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Nible v. Fink

United States District Court, S.D. California

May 9, 2017

WILLIAM NIBLE, Plaintiff,
v.
FINK, et al., Defendant.

          REPORT AND RECOMMENDTION GRANTING DEFENDANT'S MOTION TO DISMISS [Doc. 2]

          Hon. Peter C. Lewis United States Magistrate Judge

         I. INTRODUCTION

         Plaintiff William Nible (“Plaintiff”), a state prisoner, has filed a civil rights complaint alleging both federal and state law claims arising from his incarceration at the Richard J. Donovan Correctional Facility in San Diego. (Doc. 1.) Presently before this Court is Defendant's Motion to Dismiss the Complaint. (Doc. 2.)

         The Honorable Cynthia Bashant has referred the matter to the undersigned Judge for Report and Recommendation pursuant to 29 U.S.C. § 63(b)(1)(B) and Local Civil Rule 72.1(c)(1)(d). After a thorough review of the pleadings and supporting documents, this Court recommends the Motion to Dismiss be GRANTED.

         II. FACTUAL ALLEGATIONS

         This statement of facts is based entirely upon the allegations in Plaintiff's Complaint. (Doc. 1.)

         Plaintiff is an inmate currently housed at the Sierra Conservation Center. (Doc. 1 at 5.) Plaintiff alleges that on July 13, 2015, while incarcerated at R.J. Donovan Correctional Facility, Plaintiff purchased approved religious artifacts, runes, which were confiscated by prison guard Defendant Fink. (Doc. 1 at 10-11.) Plaintiff contends that Defendant Fink told Plaintiff he was only allowed to possess five stones and that they must be made of either tile, wood, or plastic. (Doc. 1 at 11.) According to the Complaint, Plaintiff's rune purchase was within the matrix of allowable property and Defendant Fink unreasonably told Plaintiff that his runes were not permitted. (Id.)

         Piecing together the allegations scattered throughout the Complaint, one or more of the Defendants improperly returned some, but not all of the runes to the vendor. (Doc. 1 at 11-13, 24.) Plaintiff alleges that under fear of retaliation, he surrendered his runes to Defendant Fink, who then misappropriated state funds to return the runes to the vendor by a method other than that prescribed by law. (Id. at 12-13.) The Compliant is silent as to how the runes' return ran afoul of the law.

         While the Complaint does not include any prison grievance documentation or specific reference to Plaintiff's administrative remedies, causes of action 5 through 14 allude to various defendants denying Plaintiff “his right to petition for redress of a grievance” on August 18, 2015, September 12, 2015, November 5, 2015, February 2, 2016, and April 6, 2016. (Doc. 1 at 17-25.)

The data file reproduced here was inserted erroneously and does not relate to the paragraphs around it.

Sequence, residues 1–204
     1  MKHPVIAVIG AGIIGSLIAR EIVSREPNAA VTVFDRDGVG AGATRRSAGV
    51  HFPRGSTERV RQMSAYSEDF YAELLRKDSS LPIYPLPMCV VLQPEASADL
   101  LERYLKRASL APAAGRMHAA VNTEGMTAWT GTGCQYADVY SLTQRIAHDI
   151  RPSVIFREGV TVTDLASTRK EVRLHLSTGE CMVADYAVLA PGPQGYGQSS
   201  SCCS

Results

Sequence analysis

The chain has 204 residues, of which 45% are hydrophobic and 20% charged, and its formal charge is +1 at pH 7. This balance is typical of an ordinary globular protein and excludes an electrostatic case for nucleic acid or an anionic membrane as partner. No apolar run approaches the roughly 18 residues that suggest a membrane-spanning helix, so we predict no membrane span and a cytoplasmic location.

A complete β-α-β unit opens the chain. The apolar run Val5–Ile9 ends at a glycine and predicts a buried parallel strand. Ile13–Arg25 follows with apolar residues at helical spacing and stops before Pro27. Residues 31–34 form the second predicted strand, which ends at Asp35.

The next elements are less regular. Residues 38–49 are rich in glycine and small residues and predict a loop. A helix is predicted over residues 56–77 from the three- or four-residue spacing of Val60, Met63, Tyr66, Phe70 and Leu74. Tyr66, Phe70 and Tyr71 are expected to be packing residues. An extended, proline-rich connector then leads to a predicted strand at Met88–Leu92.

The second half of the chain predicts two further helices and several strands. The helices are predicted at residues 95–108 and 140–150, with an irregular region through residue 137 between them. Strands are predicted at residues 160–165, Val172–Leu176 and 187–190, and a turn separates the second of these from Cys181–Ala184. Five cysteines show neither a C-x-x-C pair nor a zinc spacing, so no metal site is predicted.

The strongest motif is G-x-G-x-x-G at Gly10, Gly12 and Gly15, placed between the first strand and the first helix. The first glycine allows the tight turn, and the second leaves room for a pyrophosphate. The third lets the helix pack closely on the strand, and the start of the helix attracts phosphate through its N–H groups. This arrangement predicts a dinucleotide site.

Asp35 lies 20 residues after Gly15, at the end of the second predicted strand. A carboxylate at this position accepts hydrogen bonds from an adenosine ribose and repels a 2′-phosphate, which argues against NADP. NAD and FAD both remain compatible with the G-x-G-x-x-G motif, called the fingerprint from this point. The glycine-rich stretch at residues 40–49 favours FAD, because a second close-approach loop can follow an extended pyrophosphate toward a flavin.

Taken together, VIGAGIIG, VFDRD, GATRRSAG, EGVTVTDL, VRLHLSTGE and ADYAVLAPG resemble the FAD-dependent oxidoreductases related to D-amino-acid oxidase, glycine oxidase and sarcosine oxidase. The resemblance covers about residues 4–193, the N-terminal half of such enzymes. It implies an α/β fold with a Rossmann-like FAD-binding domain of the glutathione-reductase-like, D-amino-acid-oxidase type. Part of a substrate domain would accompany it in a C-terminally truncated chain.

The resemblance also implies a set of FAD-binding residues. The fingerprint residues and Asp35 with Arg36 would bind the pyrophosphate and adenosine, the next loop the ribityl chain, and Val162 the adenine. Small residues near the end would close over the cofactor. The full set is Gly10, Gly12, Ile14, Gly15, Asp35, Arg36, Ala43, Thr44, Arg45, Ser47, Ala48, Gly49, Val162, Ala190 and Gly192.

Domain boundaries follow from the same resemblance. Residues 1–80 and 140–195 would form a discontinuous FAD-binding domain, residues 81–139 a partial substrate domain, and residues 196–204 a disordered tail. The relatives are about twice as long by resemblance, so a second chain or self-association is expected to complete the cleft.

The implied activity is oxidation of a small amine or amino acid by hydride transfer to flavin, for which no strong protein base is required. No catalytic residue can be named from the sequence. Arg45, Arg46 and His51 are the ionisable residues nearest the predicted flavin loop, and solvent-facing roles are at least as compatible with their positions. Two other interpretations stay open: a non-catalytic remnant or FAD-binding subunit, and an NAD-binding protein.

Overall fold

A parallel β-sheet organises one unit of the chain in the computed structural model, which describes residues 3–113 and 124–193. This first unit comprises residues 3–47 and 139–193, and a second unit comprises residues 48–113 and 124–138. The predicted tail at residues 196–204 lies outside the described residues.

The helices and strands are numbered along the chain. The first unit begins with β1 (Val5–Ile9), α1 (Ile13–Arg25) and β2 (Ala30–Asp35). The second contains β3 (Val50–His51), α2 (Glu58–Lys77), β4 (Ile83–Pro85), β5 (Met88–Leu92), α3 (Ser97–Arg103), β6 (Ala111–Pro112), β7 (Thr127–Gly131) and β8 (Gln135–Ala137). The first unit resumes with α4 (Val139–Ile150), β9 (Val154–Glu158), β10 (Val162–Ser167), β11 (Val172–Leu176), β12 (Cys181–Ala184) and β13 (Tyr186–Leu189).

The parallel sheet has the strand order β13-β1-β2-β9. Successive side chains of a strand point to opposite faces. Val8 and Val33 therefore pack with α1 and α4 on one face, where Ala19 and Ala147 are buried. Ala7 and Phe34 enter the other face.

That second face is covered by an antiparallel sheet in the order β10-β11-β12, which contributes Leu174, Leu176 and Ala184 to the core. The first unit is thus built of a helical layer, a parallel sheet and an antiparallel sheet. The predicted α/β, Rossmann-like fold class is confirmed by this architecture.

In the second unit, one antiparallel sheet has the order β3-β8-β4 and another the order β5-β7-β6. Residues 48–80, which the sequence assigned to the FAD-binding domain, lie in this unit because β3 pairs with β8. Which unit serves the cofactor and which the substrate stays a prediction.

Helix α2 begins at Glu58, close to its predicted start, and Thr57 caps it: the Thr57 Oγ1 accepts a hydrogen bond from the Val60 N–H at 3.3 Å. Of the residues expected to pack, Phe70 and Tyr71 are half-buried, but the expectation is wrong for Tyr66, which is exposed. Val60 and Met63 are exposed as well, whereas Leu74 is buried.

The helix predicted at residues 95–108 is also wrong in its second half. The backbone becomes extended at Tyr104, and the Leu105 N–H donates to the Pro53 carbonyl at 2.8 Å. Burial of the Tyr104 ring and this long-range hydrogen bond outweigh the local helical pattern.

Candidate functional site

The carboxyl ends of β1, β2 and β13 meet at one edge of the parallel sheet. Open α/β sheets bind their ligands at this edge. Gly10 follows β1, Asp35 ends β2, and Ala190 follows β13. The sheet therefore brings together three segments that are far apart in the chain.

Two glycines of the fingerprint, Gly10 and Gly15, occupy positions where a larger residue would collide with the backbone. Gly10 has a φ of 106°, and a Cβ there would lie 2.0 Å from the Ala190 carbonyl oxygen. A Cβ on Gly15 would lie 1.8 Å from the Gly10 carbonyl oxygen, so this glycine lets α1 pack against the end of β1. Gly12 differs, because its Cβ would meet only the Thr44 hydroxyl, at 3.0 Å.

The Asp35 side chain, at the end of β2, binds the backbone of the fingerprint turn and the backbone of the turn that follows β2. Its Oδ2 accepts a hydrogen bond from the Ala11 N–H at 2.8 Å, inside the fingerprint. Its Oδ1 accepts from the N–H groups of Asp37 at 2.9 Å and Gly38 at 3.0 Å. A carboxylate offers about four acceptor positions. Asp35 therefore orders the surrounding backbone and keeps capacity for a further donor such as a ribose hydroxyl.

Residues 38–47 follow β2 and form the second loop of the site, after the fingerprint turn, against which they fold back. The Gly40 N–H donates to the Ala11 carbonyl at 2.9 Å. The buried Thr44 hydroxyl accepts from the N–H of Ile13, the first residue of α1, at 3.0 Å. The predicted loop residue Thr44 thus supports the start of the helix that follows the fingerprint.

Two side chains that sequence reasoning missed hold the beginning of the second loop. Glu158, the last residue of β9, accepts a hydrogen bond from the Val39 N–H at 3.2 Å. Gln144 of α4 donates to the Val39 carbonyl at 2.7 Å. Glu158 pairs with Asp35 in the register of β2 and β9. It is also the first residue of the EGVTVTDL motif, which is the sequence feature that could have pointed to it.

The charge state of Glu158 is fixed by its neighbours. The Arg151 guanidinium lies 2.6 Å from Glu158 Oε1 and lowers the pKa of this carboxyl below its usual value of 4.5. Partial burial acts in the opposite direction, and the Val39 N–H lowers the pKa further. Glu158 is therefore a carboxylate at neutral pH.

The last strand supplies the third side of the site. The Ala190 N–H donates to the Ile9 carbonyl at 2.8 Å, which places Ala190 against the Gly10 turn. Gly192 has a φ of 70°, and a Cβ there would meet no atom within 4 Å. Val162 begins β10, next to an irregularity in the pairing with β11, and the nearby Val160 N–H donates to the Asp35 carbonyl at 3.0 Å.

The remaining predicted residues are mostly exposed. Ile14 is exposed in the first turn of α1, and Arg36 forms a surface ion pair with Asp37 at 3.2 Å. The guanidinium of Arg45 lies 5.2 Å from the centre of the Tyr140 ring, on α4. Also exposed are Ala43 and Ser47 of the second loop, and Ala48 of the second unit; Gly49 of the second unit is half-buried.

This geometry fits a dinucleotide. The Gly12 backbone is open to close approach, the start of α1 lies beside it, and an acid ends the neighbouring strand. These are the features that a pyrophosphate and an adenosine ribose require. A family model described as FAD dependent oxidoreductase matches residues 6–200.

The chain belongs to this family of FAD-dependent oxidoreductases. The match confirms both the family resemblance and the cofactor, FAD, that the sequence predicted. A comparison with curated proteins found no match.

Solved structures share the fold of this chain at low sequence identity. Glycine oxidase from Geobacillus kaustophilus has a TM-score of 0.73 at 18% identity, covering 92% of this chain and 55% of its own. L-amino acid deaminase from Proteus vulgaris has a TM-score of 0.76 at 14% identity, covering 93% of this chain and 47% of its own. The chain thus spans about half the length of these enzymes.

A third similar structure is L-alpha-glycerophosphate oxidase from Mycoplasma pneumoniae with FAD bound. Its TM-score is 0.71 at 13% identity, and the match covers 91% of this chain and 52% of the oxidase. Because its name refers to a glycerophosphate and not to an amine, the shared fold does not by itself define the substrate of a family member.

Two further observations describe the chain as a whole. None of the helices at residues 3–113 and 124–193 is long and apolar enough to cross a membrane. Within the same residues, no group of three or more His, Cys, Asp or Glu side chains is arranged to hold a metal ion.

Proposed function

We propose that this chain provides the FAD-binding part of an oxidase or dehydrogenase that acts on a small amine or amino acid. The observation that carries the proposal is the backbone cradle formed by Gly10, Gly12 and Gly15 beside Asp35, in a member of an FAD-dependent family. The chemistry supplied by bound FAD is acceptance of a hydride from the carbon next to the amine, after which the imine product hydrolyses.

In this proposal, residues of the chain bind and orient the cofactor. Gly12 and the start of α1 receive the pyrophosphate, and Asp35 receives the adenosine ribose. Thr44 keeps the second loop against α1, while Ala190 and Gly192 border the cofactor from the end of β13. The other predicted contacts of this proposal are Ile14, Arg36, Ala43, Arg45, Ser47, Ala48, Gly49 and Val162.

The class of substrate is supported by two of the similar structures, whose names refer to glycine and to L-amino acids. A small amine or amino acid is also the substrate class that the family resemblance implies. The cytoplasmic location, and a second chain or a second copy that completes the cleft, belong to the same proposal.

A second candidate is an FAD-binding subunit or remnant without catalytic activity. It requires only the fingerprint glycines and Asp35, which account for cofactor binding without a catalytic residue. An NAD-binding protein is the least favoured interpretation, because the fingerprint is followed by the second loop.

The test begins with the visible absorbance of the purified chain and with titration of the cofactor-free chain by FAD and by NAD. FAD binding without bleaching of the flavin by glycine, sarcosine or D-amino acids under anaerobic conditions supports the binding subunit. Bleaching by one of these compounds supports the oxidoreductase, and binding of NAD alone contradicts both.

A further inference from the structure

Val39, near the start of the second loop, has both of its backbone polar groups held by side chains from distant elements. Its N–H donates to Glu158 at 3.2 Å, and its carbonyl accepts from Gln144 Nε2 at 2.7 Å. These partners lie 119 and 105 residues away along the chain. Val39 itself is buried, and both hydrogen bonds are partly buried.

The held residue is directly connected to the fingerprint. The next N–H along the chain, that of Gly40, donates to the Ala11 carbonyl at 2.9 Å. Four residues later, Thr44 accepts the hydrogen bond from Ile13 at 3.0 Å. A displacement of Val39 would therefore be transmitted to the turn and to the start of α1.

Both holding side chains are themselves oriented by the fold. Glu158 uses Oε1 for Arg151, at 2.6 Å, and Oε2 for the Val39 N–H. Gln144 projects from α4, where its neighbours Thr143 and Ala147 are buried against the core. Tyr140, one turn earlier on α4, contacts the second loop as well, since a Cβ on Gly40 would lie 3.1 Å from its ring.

Plaintiff sued in San Diego County Superior Court on August 3, 2016 and Defendants removed the case to federal court on November 21, 2016.

         III. STANDARD OF REVIEW

         Federal Rule of Civil Procedure 12(b)(6) tests the legal sufficiency of a Plaintiff's claims. Fed.R.Civ.P. 12(b)(6); Navarro v. Block, 250 F.3d 729, 732 (9th Cir. 2001). Because Rule 12 focuses on the sufficiency of a claim rather than the claim's substantive merits, “a court may [ordinarily] look only at the face of the complaint to decide a motion to dismiss.” Van Buskirk v. Cable News Network, Inc., 284 F.3d 977, 980 (9th Cir. 2002).

         A motion to dismiss should be granted if a plaintiff fails to proffer “enough facts to state a claim to relief that is plausible on its face.” Bell Atl. Corp. v. Twombly, 550 U.S. 544, 570 (2007). In order to overcome a motion to dismiss request, a complaint must contain sufficient factual matter such that it states a claim to relief that is plausible on its face. Id. at 548. “A claim has facial plausibility when the plaintiff pleads factual content that allows the court to draw the reasonable inference that the defendant is liable for the misconduct alleged.” Ashcroft v. Iqbal, 556 U.S. 662, 678 (2009).

         “All allegations of material fact are taken as true and construed in the light most favorable to the nonmoving party.” Cahil v. Liberty Mut. Ins. Co., 80 F.3d 336, 337-38 (9th Cir. 1996). The court is not required to accept legal conclusions in the form of factual allegations if the conclusions detailed cannot be reasonably drawn from the facts put forth. Clegg v. Cult Awareness Network, 18 F.3d 752, 755 (9th Cir. 1994); see also Papasan v. Allain, 478 U.S. 265, 286 (1986) (on motion to dismiss, court is “not bound to accept as true a legal conclusion couched as a factual allegation.” “[T]he pleading standard Rule 8 does not require ‘detailed ...


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